Views: 1488
Date Posted: Sep. 23, 10:54am, 1 Comment

I'm excited to share a new project with all of you. I've been asked to do a weekly column covering "the poker world on Twitter" for that will normally run on Wednesdays. (Yes, there was a method to my madness for writing about social media in my last few blogs)

It's called
The Social Director and it will cover various thoughts and observations I have from following over 600 poker pros, media and poker industry mavens on Twitter.


The first column discusses our powerful voyeuristic tendencies on Twitter.

I'm already hard at work on next weeks' column that will discuss the topic of Twitter "Scoreboard."

Views: 992
Date Posted: Sep. 21, 2:32pm, 0 Comments

I had planned to make an announcement today, but that has been put off by a day so I thought I would share a little more from the Twitterverse...

As most everyone has heard by now, the U.S. Department of Justice amended their Full Tilt Poker civil money laundering charges to include additional owners of Full Tilt (i.e. Howard Lederer, Chris Ferguson, and Rafe Furst) and their resulting liability in the wake of revelations that Full Tilt rewarded their owners over the last four years to the tune of $443 million and yet the company finds itself unable to pay back over $300 million in player liabilities.

The Twitterverse buzzed all day with reactions and commentary. Humor based reactions were quick to follow with the hashtag
#RejectedFTPSlogans. I thought I would share a few of them with you.

- Play with the pros who play with your money

- Full Tilt Poker: $443 Million Reasons To Learn, Chat and Play With Our Pros
- Learn, chat, and play with the guys who are pocketing your deposits.
- Full Tilt Poker: Not Just Your Home For Poker. We Sell Flowers and Golf Balls, Too.
- You've got to ask yourself one question. 'Do I feel lucky?' Well, do ya, punk?
- Full Tilt: We treat your money like its ours.
- $600 Deposit Bonus. 100% Rake!
- You stand a better chance of cashing out your Zynga chips.
- Our pros beat you, they keep your money. You beat our pros...same thing.
- Full Tilt: Segregated Accounts are for Nits.
- Learn how to hustle from the pros.
- We will gladly pay you Tuesday for a deposit today.
- You deposit this time, and it's all over, baby.
- Deposits so easy, we don't even wait for your check to clear!
- You know when to hold 'em and when to fold 'em. We know when to walk away and when to run.
- Full Tilt Poker: At least we don't pay $16 for our muffins!
- Nobody's perfect.

Special mention goes to @PokerGrump who single-handedly carried the topic for most of the day with funny contributions. One of his early observations -"I wonder if Preet Bharara is going to get Full Tilt t-shirts for knocking out three red pros."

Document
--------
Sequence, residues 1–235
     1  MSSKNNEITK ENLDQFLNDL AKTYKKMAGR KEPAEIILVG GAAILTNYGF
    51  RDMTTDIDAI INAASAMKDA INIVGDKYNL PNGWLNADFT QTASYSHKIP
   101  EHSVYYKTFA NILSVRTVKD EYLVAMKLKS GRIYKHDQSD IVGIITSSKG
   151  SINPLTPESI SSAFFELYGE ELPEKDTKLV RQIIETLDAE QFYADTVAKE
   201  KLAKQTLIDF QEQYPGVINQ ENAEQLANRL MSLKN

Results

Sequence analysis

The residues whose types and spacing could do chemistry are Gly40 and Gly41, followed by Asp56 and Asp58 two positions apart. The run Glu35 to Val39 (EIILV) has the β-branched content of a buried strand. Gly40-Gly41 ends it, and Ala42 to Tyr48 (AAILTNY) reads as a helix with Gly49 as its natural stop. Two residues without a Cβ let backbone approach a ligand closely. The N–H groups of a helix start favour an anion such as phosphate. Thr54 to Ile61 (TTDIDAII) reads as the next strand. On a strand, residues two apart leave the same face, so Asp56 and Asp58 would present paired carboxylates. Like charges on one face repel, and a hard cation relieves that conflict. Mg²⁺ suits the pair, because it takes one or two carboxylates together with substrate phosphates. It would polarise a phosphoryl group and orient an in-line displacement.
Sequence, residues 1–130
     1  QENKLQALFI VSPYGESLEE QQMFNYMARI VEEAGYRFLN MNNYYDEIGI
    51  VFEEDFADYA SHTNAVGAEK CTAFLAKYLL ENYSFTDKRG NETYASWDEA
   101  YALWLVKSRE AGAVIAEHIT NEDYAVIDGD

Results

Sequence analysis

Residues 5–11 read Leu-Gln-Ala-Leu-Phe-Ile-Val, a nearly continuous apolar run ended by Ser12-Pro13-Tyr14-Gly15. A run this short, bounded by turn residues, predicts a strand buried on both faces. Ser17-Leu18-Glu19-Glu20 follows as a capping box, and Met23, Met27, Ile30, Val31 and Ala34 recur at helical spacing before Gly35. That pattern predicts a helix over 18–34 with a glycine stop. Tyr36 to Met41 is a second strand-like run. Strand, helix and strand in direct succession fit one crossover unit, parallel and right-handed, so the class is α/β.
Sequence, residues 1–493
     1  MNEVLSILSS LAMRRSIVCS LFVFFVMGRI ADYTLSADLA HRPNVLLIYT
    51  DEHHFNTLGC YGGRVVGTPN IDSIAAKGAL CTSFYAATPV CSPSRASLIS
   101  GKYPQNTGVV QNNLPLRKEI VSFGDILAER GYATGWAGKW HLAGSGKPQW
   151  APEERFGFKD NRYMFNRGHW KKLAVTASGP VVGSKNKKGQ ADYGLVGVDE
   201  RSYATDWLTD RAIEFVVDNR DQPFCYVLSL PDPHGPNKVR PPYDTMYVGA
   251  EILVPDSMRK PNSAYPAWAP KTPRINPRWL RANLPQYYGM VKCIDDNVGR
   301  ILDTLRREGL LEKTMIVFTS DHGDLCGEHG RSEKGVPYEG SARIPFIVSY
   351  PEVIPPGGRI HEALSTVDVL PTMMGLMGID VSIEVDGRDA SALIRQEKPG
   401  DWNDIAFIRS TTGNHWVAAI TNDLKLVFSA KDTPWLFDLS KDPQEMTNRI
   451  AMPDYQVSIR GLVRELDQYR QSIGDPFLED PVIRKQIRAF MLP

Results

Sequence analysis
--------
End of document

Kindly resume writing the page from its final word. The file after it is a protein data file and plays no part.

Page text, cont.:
Views: 884
Date Posted: Sep. 14, 12:32pm, 0 Comments

I wanted to continue my discussion from the last blog of the impact of social media on our lives. As most of you know, I spend many hours a day in front of my computer in my home office. I've had a fairly workaholic approach the last few years ever since I switched from owning an art gallery and sculpture garden to my online poker work first with CardRunners, then Poker Curious, and now at the various sites I contribute.

Spending so many hours at the computer has kept me in tune with all the key poker industry information to support my work, but it has come at a cost. Working seven days a week has taken its toll. My marriage and family life has suffered as I tried to find the right balance of how much I live online and how much I live with them. Fortunately, I can report that the balance has been improving for a while now.

My current employer inadvertently assisted in that process by cutting back my compensation, thus giving less incentive to give so much of myself for work. I started taking weekends off and that has been a necessary boon to allow my mental battery to recharge for the upcoming week. More recently, I have been cut back again giving significant time and flexibility for family time which has been great with my active soccer and ballet schedules of my children, but forcing me to hustle to find new opportunities.

The risk to having a lot of time away from work is experiencing a feeling of detachment and disconnection when you return as the social media world never stops moving. There are some steps you can take to shift the balance:

Connection - I have primarily used my desktop and modem to remain connected. This week I decided it was time to purchase a device that can keep me in touch when I spend increasing amounts of time away from the home office. I bought an android phone, the Motorola Atrix. It has dual core processor and a good hardware package that should have good longevity despite not having industry leading software with Motoblur. I'm hoping that Google's purchase of Motorola will have a positive impact on their phone hardware and software. It will take me some time to get things configured just right with the right apps and widgets to efficiently use my new tool, but I'm excited for that new option.

Consult - I've spoken to a few poker industry leaders who have shared their issues with managing their online vs. offline time and how to manage it best. When you don't have all the answers it always helps to consult others you respect around you.